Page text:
Great Central Fair - Philadelphia, June 1864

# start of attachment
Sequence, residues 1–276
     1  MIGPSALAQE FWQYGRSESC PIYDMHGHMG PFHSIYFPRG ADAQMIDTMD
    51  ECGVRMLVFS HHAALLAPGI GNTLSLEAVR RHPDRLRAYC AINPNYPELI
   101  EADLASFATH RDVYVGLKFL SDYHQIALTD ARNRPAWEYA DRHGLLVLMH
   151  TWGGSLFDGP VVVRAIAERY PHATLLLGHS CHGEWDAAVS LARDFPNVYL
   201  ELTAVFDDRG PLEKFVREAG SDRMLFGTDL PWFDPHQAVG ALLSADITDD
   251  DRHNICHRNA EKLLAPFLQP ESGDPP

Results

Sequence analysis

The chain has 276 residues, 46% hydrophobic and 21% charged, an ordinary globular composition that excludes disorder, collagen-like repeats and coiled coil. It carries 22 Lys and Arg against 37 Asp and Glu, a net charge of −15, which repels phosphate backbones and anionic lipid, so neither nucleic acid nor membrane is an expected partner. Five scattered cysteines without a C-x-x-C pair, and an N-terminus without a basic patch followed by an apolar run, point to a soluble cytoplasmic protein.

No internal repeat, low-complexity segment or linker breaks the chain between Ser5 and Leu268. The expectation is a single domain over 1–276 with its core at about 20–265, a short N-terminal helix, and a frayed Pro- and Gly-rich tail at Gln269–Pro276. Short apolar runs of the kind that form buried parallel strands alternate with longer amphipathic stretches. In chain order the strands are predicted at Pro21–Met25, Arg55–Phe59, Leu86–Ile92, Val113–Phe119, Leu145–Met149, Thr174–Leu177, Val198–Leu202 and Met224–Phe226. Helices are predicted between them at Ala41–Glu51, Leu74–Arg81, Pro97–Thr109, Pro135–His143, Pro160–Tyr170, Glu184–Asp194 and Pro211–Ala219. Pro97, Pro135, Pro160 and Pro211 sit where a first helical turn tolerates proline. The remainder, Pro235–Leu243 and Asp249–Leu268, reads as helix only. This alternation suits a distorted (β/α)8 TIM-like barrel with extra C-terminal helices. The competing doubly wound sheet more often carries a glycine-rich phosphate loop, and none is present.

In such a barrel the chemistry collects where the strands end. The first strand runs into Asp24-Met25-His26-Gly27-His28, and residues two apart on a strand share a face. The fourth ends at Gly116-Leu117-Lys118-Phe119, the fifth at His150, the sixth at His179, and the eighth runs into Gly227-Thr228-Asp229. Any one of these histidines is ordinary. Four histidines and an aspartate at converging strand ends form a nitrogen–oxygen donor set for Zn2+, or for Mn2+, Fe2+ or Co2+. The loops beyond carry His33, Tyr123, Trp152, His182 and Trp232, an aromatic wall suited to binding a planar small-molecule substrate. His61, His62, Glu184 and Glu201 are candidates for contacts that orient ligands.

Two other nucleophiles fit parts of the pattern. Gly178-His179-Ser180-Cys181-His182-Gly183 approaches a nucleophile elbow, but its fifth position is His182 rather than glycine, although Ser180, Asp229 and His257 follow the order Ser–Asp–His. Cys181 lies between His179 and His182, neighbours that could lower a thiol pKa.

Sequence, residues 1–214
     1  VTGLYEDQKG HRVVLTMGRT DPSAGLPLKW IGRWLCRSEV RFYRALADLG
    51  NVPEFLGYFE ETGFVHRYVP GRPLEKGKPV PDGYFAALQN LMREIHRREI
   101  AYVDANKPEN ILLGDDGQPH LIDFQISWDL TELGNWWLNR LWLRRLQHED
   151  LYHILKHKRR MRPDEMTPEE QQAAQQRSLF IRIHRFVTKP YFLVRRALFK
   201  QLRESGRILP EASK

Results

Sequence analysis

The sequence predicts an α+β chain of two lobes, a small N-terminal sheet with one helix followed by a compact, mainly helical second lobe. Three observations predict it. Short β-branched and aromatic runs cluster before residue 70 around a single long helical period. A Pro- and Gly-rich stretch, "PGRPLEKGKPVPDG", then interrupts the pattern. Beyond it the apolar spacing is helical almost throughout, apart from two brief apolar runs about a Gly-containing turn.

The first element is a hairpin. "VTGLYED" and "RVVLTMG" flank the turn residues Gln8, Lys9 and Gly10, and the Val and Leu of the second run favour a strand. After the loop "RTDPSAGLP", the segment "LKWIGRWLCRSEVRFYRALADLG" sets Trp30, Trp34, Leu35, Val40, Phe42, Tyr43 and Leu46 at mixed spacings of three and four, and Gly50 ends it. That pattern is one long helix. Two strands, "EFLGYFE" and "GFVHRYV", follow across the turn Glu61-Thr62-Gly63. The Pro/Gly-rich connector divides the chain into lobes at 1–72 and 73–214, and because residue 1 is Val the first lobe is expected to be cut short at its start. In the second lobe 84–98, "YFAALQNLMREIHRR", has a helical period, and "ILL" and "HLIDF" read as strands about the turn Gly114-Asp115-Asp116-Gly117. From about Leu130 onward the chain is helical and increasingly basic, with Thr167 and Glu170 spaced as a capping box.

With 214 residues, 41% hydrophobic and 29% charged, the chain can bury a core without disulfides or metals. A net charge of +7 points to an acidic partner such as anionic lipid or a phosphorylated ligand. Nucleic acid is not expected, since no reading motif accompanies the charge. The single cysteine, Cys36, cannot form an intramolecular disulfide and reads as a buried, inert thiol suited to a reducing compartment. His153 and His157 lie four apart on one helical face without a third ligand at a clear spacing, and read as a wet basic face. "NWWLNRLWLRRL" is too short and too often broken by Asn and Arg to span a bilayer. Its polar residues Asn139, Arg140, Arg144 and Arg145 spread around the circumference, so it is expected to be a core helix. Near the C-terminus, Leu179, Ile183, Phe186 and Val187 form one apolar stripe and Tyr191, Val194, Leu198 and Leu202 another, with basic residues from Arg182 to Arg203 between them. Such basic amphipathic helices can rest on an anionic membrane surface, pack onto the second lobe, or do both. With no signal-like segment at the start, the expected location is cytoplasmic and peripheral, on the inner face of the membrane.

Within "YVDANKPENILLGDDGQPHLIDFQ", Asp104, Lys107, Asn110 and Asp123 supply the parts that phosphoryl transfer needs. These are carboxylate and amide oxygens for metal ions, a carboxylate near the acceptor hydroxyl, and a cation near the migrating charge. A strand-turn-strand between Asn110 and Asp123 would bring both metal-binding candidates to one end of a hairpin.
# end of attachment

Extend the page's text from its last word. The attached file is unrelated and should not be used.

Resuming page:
Whether they took the paper's advice to heart or not, Henry pitched the following day's 20-14 victory over the Olympic Club and would pitch the remainder of the Nassau Club's 1863 match games.  All six of those contests took place in the fall after a long summer break beginning with a 29-13 victory over the Athletics, this time at Princeton.  In October during a semester break, the collegians headed to Brooklyn, home to a number of the club's players, to take on four teams from the City of Churches.  Over the course of four days, the Nassau team with Henry pitching defeated the Resolute, Excelsior and Star clubs before falling to the Atlantic Club by a respectable 18-13 score.  What was the key to young Mr. Henry's pitching success?  He is one of those credited as being the first or one of the first to throw a curve ball.  While it's impossible to verify how much credit Henry deserves in pioneering the pitch, he could certainly be hard to hit.  A year later in a New Jersey - Pennsylvania all star game as part of the Great Central Fair in Philadelphia, Henry not only struck out four of Philadelphia's top players, he also retired 13 on foul balls, 17 outs without the ball being hit into fair territory.  In the next post we'll take a more detailed look at Mr. Henry's pitching prowess.